War, what is it good for?

Absolutely Nothing.

This is the question, more or less, that I have to try and deal with in a 1000-2000 word essay to be published in a book. The actual question is, “What is Just War theory, and is it still viable today?” As a pacifist by upbringing and personal conviction, my instinct is to answer “no” to the second question. However, the essay has to be 2000 words long, not 1. I feel like the major question I have to deal with is about the protection of the innocent in places like the Sudan where people face brutal violence. One book that is helping me work through this is Against the Nations by Stanley Hauerwas. I haven’t finished all of it yet, but it deals with the issue of a survivalist mentality in Christianity, which I think (I haven’t read it yet)is along the lines of, “Christians should be more willing to lose their lives on behalf of the innocent without taking the life of the aggressor.” That is the position I find myself leaning towards arguing for in my chapter.

Here’s what Hauerwas says are the traditional Just War principles: 1)declared by a legitimate authority; 2)has a just cause; 3)that there can be reasonable hope of success; 4)proportionally more good than evil comes from the war; 5)the war can be fought with a just intention; 6)noncombatant immunity; 7)the object is not to kill the enemy but to incapacitate them, therefore prisoners of war as treated respectfully; and 8)unnecessary suffering is avoided.

From a merely pragmatic standpoint, principles 1,2,3,4, and 5 are problematic, since I can think of no war that actually abides by them. Of course, the logical question is whether or not a war must have all of these or just some to be considered just. In today’s world, a “legitimate authority” is another serious question. Why is, for instance, the U.S. a legitimate authority? Or is it? Would the U.N. be a legitimate authority? Principle #5 is the other biggie. I think that governments are not capable of engaging in war based on just intentions. Governments are by definition self-seeking. God’s justice requires love of neighbor, of putting others ahead of oneself, and a country cannot do that. That’s not to say that a country cannot do something on behalf of another, but only to say that pure justice, and pure, just intentions, are not possible with a government. The U.S., for instance, would not engage in a war where it did not see some profitable gain for itself.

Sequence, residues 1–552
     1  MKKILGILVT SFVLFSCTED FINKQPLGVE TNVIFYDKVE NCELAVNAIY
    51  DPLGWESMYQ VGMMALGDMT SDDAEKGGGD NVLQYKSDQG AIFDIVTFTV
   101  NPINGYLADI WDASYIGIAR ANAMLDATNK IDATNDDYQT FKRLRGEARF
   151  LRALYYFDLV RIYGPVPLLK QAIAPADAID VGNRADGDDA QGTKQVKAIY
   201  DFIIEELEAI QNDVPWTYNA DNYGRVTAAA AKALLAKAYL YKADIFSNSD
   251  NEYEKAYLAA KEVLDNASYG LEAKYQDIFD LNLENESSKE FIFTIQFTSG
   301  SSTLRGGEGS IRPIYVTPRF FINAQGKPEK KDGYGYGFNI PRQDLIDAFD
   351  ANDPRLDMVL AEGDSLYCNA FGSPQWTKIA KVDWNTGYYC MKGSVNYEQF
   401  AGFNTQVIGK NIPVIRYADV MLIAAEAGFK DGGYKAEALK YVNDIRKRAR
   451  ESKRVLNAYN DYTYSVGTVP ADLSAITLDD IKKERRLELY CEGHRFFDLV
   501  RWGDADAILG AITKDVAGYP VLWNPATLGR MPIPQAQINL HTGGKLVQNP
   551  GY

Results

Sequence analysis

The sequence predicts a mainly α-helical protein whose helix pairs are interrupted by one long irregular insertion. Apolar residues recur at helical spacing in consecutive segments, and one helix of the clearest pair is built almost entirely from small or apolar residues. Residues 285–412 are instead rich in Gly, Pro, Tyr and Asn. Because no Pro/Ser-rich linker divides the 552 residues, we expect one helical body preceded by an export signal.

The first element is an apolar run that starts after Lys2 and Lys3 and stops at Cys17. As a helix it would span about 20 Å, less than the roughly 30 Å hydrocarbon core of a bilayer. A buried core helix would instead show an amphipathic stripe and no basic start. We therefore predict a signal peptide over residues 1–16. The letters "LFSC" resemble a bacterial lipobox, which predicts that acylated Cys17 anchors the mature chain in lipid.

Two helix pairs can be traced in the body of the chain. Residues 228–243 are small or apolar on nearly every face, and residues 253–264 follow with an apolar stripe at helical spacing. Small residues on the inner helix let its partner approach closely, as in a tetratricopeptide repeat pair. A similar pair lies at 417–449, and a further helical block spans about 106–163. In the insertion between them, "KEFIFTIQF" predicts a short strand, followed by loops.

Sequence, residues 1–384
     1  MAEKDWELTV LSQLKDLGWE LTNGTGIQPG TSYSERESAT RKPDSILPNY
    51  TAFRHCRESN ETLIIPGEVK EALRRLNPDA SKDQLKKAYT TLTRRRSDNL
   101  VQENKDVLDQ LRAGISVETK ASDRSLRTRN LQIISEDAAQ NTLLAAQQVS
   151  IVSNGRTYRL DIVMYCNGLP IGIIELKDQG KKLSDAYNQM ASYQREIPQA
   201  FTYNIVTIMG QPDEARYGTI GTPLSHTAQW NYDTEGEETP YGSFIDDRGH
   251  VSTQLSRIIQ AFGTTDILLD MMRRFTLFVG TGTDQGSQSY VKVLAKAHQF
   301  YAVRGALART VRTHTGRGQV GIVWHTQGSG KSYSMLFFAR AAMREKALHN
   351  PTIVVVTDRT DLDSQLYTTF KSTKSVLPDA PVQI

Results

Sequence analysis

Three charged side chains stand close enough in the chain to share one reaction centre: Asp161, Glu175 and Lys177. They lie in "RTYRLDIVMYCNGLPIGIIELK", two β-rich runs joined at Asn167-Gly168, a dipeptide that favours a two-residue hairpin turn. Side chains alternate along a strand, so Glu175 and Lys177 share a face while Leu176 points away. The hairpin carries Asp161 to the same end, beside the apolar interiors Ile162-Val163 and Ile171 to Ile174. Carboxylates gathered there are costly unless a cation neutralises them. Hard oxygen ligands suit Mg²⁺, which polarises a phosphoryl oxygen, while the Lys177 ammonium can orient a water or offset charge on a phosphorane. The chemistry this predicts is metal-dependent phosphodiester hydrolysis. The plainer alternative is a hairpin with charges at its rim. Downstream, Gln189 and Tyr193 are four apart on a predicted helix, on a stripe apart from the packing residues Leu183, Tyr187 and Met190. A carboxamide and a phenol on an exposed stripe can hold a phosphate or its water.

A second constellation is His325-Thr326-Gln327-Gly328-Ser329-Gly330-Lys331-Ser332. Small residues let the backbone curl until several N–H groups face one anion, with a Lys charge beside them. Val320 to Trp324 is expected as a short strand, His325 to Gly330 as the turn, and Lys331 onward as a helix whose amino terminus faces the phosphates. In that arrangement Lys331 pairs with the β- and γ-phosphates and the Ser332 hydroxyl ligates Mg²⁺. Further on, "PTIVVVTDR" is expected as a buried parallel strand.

I believe that the primary position of any Christian must be one of nonviolence, and of taking violence on oneself on behalf of another. That’s true imatio dei. I’ll stop here. I think my next post will go more into my actual argument for the chapter.




  1. Ethan · April 11, 2008


    I think I agree with you. Christians need to be more active in peacemaking and witness to the world that there are some things worth risking your health and safety for. I was telling Jason the other day that I can’t stand the talking on a christian radio station that I otherwise like (the music is good) because they always talk about safety and “keeping your family safe” as if that has something to do with Jesus and Christianity.

    Another point is that I do think government has SOME “legitimate” role in protecting people, even with force or better yet the threat of force. For example, UN Peacekeeping teams are good – not Good (as in only Jesus is Good) – in that they try to diffuse situations and protect instead of just kill. I think this is what Romans 13 means for government in particular. When government IS doing what it’s supposed to, “For rulers hold no terror for those who do right, but for those who do wrong…Do what is right and he [the ruler] will commend you” (vs.3), then this is legitimate. However, as we know, governments ARE self-serving as well, and even the early Christians found that often times this verse was found to be false. I think it follows that WHEN governments truly punish evil and tolerate or support good, they do more good than evil. BUT…Christians have a calling to only do good, to only act out of love, not to have power or coercion over others, and that restricts Christians from partaking in violence.